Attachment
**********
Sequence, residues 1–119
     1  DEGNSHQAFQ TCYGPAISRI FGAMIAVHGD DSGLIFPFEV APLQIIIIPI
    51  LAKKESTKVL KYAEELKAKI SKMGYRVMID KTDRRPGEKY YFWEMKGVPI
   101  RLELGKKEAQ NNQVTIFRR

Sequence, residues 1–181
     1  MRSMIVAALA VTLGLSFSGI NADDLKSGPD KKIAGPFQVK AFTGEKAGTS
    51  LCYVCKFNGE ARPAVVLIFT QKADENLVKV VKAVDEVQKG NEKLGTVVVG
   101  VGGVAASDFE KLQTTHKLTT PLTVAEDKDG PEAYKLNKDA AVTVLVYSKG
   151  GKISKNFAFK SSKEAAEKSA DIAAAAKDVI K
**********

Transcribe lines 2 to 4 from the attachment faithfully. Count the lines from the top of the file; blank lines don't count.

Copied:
     1  DEGNSHQAFQ TCYGPAISRI FGAMIAVHGD DSGLIFPFEV APLQIIIIPI
    51  LAKKESTKVL KYAEELKAKI SKMGYRVMID KTDRRPGEKY YFWEMKGVPI
   101  RLELGKKEAQ NNQVTIFRR